Italeri

Italeri 6102 Fortress Under Siege

Fortress Under Siege - Image 1
Scale: 1:72
Manufacturer: Italeri
Product code: ita6102
Availability: out of stock
Last available: 28.8.2012
£30.87 or 22000 pts.

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Basic information

ManufacturerItaleri
Product codeita6102
Scale1:72
Added to catalog on:30.10.2004
Tags:Medieval-castle Medieval-Crusaders

The castle is a defensive structure with a compact - usually stone or brick - buildings, which is characteristic of medieval Europe, especially in the period of the full (X-XIII century) and late (XIV-XV century) medieval times. The castle served various functions: the seat of royal, ducal or noble power, it could be the "family home" of a single knight, but also a military outpost subordinate to the royal authority. It is assumed that the first "classic" castles in Europe were built in the 9th century, after the fall of the Carolingian state. In many cases - in today's France or Germany - they had the character of the seat of a ruler or a knight and were often only keep, made of stone. These early castles lack many of the later defensive elements, such as towers or an extensive wall system. However, at the turn of the twelfth and thirteenth centuries, there was a significant change and under the influence of the experience of the Crusades, castles evolve, becoming more and more complex. They begin to have one or more rows of walls. In the territory of Poland, castles appeared at the turn of the 12th and 13th centuries, replacing the previous wooden and earth castles, and one of the first such fortresses is the castle in Legnica or the reconstruction of Wawel in Krakow. It is also worth remembering that the Teutonic castles in Pomerania and Livonia were unusual in their own way, because they were built primarily of brick, not stone. A great example of such a castle is, for example, Malbork. The decline of castles dates back to the 15th century, when the popularization of gunpowder made it possible to acquire them relatively quickly.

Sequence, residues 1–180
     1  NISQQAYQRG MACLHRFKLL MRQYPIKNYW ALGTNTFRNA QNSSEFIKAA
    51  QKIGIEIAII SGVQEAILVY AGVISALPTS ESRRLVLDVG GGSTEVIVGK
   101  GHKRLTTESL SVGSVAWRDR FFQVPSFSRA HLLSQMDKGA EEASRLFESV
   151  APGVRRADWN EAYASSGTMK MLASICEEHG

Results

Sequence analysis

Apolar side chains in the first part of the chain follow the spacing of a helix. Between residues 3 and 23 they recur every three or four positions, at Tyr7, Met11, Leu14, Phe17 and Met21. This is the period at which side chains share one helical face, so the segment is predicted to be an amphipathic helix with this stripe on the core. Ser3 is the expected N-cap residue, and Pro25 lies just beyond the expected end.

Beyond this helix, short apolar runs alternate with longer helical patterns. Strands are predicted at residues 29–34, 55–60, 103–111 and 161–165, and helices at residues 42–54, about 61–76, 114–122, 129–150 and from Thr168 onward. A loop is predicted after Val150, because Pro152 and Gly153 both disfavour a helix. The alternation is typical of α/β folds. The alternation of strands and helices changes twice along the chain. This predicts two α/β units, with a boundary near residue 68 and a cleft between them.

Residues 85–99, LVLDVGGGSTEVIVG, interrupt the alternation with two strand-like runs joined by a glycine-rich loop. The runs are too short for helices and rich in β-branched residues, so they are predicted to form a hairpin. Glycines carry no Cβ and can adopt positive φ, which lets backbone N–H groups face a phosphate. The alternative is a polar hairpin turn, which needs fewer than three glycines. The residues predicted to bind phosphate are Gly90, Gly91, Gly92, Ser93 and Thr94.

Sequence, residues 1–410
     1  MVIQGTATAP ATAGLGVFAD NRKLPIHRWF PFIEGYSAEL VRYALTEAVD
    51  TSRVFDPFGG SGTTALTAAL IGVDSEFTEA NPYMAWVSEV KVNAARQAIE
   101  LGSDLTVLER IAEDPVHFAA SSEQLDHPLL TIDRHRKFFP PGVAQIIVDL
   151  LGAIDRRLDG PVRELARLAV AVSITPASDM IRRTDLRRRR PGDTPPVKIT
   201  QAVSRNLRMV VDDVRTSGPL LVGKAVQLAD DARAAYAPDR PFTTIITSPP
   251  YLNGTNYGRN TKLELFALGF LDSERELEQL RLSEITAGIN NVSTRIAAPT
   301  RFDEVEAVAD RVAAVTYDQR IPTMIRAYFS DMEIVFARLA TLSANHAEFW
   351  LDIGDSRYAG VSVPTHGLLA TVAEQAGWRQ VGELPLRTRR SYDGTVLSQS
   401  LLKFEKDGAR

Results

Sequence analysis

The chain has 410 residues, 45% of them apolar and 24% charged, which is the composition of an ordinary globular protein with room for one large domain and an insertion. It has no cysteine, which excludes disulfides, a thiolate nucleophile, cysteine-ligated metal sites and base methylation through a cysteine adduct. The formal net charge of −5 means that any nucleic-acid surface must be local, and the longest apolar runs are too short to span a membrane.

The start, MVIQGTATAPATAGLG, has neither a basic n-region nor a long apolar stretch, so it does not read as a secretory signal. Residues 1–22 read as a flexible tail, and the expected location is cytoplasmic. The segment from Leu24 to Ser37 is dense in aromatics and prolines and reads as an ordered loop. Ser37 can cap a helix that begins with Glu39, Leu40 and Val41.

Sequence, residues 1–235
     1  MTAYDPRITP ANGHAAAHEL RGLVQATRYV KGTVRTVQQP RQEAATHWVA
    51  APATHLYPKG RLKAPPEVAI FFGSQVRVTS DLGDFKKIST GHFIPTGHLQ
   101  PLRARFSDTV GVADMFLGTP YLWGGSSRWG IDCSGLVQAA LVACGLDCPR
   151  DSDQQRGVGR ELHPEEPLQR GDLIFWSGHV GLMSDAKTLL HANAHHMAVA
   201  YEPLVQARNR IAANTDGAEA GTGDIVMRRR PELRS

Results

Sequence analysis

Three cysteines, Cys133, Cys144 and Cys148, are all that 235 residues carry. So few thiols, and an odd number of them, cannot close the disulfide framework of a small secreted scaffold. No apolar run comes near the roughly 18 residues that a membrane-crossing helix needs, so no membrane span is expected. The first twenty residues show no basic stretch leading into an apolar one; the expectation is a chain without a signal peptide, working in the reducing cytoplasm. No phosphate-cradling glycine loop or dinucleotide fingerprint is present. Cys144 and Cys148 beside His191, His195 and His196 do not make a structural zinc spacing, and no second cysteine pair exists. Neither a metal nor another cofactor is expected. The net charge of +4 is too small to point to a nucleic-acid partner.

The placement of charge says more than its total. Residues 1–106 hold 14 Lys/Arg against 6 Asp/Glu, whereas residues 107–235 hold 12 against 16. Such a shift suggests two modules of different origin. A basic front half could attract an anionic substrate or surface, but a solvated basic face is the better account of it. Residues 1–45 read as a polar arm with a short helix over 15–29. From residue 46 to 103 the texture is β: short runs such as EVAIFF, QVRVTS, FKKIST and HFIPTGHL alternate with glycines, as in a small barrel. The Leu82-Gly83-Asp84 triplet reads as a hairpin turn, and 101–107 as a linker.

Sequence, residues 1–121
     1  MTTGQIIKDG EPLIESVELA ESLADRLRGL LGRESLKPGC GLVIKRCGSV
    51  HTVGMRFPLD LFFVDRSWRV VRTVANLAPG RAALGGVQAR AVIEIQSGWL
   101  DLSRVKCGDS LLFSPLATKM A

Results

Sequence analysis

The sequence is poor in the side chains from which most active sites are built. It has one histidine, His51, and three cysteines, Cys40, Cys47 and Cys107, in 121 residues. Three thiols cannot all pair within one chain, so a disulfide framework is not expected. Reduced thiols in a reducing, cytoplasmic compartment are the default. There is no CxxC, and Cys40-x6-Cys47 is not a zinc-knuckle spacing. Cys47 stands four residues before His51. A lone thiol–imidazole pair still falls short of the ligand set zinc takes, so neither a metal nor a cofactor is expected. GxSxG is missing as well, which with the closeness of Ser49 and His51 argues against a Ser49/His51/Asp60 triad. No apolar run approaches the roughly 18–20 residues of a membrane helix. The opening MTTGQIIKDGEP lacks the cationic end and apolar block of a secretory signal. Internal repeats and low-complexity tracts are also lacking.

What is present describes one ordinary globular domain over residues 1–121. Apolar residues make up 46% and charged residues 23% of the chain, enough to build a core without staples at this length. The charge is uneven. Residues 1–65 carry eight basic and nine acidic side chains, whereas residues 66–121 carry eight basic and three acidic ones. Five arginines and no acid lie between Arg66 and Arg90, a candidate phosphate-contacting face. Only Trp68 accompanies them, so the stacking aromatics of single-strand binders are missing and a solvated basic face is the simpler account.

It is quite commonly assumed that the initiator of the crusades (i.e. the crusades) to the Holy Land was Pope Urban II, who at the Synod in Clermont in 1095 threw the slogan of her liberation from the hands of the infidels. As a result of a combination of various social, economic and religious reasons, this slogan fell on a very fertile ground in Latin Europe and became the cause of the first knight's crusade in the years 1096-1099. As a result of this crusade, not only was Jerusalem conquered, but also in 1100 the Kingdom of Jerusalem was established in the Middle East. Its first king was Baldwin I, although the actual "founder" of the new state was Geoffrey of Bouillon. After the first crusade, there were others, of which we can mention the third (1189-1192) or the fourth (1202-1204), which, however, did not reach the Holy Land, and led to the sacking of Constantinople by would-be crusaders. It is assumed that the end of the crusade movement to the Holy Land is the year 1291, which is the same as the conquest of the last Crusader stronghold in these areas, i.e. Akki. The importance of the crusades in the history of medieval Europe and in the history of its military was enormous. First of all, they led to a significant weakening of the Byzantine Empire, and indirectly facilitated the later expansion of the Ottoman Turks in the 14th-15th centuries. They led to a great increase in the role of Italian cities in the Levantine trade and the development of boatbuilding in the Apennine. The intellectual horizons of contemporary Europeans widened considerably. For the defense of the Holy Land, knightly orders were also established, including the Teutonic Order.

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Added to catalog on: 30.10.2004
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Is it possible to back order an item that is not listed on the website, or that is listed as "unavailable"?
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